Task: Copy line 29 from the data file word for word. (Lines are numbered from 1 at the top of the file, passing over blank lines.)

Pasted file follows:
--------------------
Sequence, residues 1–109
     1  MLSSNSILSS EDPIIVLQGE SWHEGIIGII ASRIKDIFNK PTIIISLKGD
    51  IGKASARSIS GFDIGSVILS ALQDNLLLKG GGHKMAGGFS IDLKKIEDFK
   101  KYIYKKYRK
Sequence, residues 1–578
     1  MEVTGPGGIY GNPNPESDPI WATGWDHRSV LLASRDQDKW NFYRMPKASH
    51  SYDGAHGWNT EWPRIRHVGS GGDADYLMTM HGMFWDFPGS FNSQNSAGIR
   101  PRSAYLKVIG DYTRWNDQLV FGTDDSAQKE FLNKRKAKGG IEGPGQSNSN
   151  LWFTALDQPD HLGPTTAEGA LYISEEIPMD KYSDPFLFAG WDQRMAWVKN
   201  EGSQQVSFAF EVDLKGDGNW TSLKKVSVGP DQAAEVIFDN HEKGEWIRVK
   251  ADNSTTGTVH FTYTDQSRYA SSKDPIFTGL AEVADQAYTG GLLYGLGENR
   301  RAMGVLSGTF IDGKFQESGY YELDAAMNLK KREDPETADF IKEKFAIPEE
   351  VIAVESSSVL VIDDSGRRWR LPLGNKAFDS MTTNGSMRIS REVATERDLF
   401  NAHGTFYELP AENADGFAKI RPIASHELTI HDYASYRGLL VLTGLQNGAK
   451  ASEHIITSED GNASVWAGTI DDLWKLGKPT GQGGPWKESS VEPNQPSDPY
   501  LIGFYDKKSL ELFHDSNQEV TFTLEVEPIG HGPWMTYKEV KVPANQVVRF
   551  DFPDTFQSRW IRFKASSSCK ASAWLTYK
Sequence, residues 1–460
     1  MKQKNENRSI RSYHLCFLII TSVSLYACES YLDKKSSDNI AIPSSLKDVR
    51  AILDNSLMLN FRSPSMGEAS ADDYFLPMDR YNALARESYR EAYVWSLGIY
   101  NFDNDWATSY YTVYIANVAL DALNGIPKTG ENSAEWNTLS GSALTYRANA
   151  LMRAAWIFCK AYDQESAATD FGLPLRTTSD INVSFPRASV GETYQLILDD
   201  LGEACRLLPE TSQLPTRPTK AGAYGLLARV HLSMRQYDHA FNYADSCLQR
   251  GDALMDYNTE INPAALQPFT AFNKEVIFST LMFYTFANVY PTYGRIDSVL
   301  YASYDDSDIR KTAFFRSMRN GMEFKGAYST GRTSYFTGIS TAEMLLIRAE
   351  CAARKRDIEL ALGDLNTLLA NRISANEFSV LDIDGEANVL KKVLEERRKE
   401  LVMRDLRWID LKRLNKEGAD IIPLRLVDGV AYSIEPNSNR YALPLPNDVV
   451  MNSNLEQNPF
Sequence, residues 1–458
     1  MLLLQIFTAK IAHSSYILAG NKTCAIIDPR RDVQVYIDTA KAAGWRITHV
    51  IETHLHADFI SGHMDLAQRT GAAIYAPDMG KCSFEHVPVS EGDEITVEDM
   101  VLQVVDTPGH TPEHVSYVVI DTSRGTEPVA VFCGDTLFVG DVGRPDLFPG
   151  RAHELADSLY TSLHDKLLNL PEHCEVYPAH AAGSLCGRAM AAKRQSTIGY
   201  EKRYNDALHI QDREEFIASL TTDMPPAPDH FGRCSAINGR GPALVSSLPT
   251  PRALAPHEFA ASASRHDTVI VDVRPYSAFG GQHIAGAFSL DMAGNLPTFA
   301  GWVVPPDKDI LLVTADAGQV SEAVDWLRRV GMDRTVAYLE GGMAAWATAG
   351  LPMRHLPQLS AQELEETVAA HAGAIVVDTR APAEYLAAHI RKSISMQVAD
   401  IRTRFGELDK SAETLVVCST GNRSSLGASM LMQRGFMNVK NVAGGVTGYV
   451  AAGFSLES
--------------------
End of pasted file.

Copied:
Sequence, residues 1–458